Business

AfCFTA gives Africa hope

TRUCKS with copper at the Zambia-Botswana Kazungula Border Post. PICTURE: EDDIE MWANALEZA

KALONDE NYATI, Lusaka
ALTHOUGH Africa has been painted as a continent that has not fully exploited its natural resources, it has a number of successful industries that are making considerable contribution to the local and export market demand.
The contributions are spread across sectors, and they create revenue and jobs in a quest to meet the Vision 2030.
Some home-grown entities that are Africa’s shining examples are Dangote, United Bank for Africa, Econet, MTN, Copperbelt Energy Corporation, Shoprite and Zambeef Products Plc, which is an integrated agri-business that aspires to solidify its position on both the local and export markets.
Zambeef, which produces cereal crops, beef, chickens, pigs, milk and stock feed, among other products, and distributes across the country, region and also has operations in West Africa, is an example of how African companies can contribute to continental trade.
But like most entities operating across the continent, Zambeef has not fully accessed the export market, thus resulting in the low intra-African trade levels currently at 15 percent.
With the coming of African Continental Free Trade Area (AfCFTA), which is aimed at creating an effective single market through the facilitation of the free movement of goods and services, Zambeef is elated.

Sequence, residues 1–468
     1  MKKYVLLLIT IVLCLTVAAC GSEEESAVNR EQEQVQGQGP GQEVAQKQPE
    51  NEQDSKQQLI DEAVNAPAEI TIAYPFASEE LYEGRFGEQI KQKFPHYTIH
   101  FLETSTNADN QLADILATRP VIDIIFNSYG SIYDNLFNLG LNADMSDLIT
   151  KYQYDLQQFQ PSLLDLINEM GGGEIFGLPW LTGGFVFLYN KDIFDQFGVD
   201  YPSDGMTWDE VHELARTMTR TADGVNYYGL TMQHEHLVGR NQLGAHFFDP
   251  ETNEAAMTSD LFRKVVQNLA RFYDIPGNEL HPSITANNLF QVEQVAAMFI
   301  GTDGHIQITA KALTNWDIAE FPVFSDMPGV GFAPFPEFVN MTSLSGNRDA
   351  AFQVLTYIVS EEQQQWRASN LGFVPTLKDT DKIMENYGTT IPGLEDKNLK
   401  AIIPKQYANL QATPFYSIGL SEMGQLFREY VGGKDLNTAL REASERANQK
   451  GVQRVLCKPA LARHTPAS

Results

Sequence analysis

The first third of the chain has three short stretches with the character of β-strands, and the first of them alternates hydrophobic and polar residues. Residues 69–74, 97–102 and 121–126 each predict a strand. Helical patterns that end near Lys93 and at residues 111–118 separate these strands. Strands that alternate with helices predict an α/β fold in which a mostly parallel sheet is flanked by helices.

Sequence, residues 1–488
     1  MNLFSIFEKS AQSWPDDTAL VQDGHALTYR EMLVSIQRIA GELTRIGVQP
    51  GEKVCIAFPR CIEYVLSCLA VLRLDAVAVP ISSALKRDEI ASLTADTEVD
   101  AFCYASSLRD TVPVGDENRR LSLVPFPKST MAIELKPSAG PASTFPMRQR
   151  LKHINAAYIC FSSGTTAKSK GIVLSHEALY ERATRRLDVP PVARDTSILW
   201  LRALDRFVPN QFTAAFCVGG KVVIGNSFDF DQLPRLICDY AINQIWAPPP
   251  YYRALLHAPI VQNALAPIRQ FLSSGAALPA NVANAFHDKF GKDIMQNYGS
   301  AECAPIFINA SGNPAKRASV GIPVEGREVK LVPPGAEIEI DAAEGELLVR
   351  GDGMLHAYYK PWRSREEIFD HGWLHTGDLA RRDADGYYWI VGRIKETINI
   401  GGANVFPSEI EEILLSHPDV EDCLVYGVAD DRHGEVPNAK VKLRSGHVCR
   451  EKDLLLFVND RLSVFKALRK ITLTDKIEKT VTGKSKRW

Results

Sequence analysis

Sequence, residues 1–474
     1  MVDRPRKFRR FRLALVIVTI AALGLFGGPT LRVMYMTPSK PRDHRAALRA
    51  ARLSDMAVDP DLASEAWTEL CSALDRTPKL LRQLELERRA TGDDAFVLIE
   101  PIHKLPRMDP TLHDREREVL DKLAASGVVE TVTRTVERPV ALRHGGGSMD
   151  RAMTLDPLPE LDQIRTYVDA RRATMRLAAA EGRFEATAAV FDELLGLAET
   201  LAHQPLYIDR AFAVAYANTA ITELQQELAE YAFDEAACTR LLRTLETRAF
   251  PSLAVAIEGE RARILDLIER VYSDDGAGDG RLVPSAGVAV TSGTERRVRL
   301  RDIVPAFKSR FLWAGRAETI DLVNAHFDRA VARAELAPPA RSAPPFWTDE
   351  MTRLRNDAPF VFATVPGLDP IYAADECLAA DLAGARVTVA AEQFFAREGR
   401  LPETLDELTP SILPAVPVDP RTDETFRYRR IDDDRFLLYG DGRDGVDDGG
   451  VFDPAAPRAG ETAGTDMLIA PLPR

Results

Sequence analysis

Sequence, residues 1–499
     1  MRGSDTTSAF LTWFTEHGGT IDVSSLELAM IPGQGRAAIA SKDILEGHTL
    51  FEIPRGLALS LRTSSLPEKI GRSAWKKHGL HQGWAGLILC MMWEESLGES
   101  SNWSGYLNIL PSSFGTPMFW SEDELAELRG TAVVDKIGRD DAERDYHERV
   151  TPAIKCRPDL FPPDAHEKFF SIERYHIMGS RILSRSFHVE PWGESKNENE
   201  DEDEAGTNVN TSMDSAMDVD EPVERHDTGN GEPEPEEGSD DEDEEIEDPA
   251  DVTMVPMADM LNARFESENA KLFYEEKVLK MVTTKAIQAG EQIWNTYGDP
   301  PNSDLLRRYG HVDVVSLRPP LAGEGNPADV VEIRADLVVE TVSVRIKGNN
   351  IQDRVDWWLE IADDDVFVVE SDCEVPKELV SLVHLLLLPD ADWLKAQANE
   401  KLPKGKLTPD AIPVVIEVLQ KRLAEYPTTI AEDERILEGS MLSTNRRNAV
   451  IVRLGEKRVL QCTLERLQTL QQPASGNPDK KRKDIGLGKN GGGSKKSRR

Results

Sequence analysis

“The planned launch of the AfCFTA will move the continent forward,” Zambeef head of corporate affairs Felix Lupindula says.
This excitement is because numerous challenges that hinder the penetration of markets in Africa will be a thing of the past. For instance, challenges such as lack of access to trade and market information as evidenced by Mauritius and Nigeria that import leather products from Italy and Belgium, yet they could be accessed from South Africa, Botswana or even Zambia, will be a thing of the past.
Other barriers include lack of transport infrastructure, delays caused by agencies operating at the borders and tedious visa-processing requirements.
However, Mr Lupindula is optimistic that the AfCFTA will help in increasing the productivity of the continent and Zambeef is keen on growing from feeding the nation to the continent.
This is in line with the United Nations projecting a three-fold increase in demand for food from US$8 billion in 2017 to US$25 billion in 2032, owing to the region’s growing population.
The agri-business giant is expanding its retail value chain, which enables small, medium and other commercial farmers to participate in the value chain.
“Africa is its own biggest market – be it for its agricultural produce, raw material, processed or finished goods,” he says.
However, moving forward, impediments such as lack of access to markets and technical know-how, transport for goods, post-harvest storage and agro-processing facilities for value addition need to be addressed
Mr Lupindula also feels that there is need for inclusive industry reforms.
“A mode to discourage non-tariff barriers should be worked out and must be respected by all AfCFTA members. This has been a big hindrance in the success of regional trade groupings,” he says.
The Zambia Association of Chambers of Commerce and Industry (ZACCI) is also a firm supporter of intra-African trade and its members are ready to grab the opportunities, but feels that effective implementation of the national industrial policy, and local content and export strategies is necessary for the country to benefit.